Basically, in a book that recently came out called “Come be my Light,” those whom she came to for pastoral care and corresponded with over the decades have revealed that she felt a deep and abiding emptiness when it came to the experience of God. She privately referred to Jesus as “the absent one,” and wrote about the hardships of “keeping up appearances” while the world watched. What is shocking is that the onset of these feelings of emptiness came immediately after she obtained the patronage and blessing of the church to begin a new order of women dedicated to the service of the poor in India. She felt God pull her toward realizing the goal of beginning a ministry, and then after she had gotten there, it is as if God disappeared from her life entirely.
This darkness did not abate. She didn’t “get through it.” She stayed in it until she died. This is a heartbreaking realization for us, and yet it is also hopeful. It is heartbreaking because those of us who may experience an absence of God’s presence in our lives may take note and assume that it will never get better for us, especially because it never got better for Theresa. It is hopeful for us, because even after 60 years of the felt absence of God, Theresa “went on” with the charge she was given. She stayed faithful to the truth that God cared for the poor and wretched, and that her love for them was showing his love to them, even if she did not experience it herself.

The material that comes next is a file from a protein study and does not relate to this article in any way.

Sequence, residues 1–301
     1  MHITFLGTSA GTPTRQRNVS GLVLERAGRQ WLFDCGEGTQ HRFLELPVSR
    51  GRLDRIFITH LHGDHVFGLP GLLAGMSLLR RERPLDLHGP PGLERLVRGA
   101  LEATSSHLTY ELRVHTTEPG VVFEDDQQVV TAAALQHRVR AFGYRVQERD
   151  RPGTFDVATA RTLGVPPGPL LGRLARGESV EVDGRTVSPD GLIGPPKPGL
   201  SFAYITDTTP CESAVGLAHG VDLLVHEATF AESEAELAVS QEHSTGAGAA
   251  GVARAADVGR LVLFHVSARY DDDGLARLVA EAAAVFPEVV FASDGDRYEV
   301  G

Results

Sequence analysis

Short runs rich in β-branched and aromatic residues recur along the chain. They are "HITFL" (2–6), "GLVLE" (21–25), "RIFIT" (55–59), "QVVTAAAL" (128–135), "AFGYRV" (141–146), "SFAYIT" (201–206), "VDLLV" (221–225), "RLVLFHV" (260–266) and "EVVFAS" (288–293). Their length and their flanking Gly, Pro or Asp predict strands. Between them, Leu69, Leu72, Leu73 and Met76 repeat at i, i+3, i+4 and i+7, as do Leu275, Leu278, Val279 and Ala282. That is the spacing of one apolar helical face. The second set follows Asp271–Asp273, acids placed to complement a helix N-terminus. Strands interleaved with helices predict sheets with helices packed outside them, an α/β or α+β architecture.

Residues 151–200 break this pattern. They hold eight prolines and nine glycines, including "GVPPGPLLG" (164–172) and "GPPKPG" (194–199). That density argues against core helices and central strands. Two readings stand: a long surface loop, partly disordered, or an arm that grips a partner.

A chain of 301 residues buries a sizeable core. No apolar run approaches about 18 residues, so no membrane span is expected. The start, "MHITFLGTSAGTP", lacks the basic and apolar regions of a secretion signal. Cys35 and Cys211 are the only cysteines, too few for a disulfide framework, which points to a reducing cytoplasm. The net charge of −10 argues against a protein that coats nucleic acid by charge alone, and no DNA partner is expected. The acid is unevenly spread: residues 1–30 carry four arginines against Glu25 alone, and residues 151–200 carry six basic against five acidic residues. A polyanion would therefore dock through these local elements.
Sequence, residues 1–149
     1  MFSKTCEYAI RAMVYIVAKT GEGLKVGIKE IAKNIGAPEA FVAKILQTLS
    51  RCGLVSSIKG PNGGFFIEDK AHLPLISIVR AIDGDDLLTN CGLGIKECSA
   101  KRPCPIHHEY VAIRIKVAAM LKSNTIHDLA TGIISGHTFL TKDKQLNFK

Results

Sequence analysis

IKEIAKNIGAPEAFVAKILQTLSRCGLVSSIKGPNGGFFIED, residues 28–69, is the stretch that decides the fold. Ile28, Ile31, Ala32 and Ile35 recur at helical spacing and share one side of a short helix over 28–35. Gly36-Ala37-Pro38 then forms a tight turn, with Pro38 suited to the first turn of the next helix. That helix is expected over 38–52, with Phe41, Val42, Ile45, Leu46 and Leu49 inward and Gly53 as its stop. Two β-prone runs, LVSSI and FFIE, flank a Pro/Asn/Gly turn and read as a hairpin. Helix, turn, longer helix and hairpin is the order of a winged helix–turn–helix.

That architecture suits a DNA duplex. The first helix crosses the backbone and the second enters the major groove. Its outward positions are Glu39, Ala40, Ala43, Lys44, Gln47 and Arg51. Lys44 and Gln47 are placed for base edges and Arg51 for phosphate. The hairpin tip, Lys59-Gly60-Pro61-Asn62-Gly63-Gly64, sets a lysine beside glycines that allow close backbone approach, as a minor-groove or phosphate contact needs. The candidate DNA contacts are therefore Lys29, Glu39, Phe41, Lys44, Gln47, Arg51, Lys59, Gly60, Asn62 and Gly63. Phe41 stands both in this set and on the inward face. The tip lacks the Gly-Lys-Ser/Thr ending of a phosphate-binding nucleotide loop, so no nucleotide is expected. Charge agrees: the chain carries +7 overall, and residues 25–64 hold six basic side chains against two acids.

She was willing to stand by her commitments and finish the course that was set before her because that is what she had heard Christ call her to do. Perhaps these revelations about the absence of a felt sustaining presence are a testament to us about the importance of the unequivocal call of God on our lives. Perhaps we privilege the “experience of feeling” too much in our society and need to understand that God stakes a claim on us whether or not we feel “moved” to be a good Christian, or come to church, or give to the poor.
Maybe, especially when the experience of giving to or helping the poor leaves us feeling drained or unsatisfied or even used—perhaps Theresa’s witness to us is that…it does not really matter how it makes us feel---when God calls us to action, we should give it our all to respond as faithful servants of our master!
So, Theresa “went on” with her calling and now she continues to “go on” to us as a member of this “cloud of witnesses.” And those others whom we will name today who have “went on” in the past year to the great cloud of witnesses also push us to “go on,” in our own witness of Christ in the world. As the author of Hebrews has said, “they have died, but by their faith they still speak.”
Listen! Do you hear them speaking? If you can’t hear their voices, then listen with your hearts. If you can’t honor them with your words, then honor our God with the words of your actions. We are called to make complete their faith—let us run with perseverance the race that is set before us—with our eyes firmly fixed on Jesus. And may we pay tribute to those recent additions to the “great cloud of witnesses” who encourage us to “go on” living for Christ no matter what difficulties face us. And in this way, we too shall “go on” in the life of the community of faith after we have “went on” ourselves.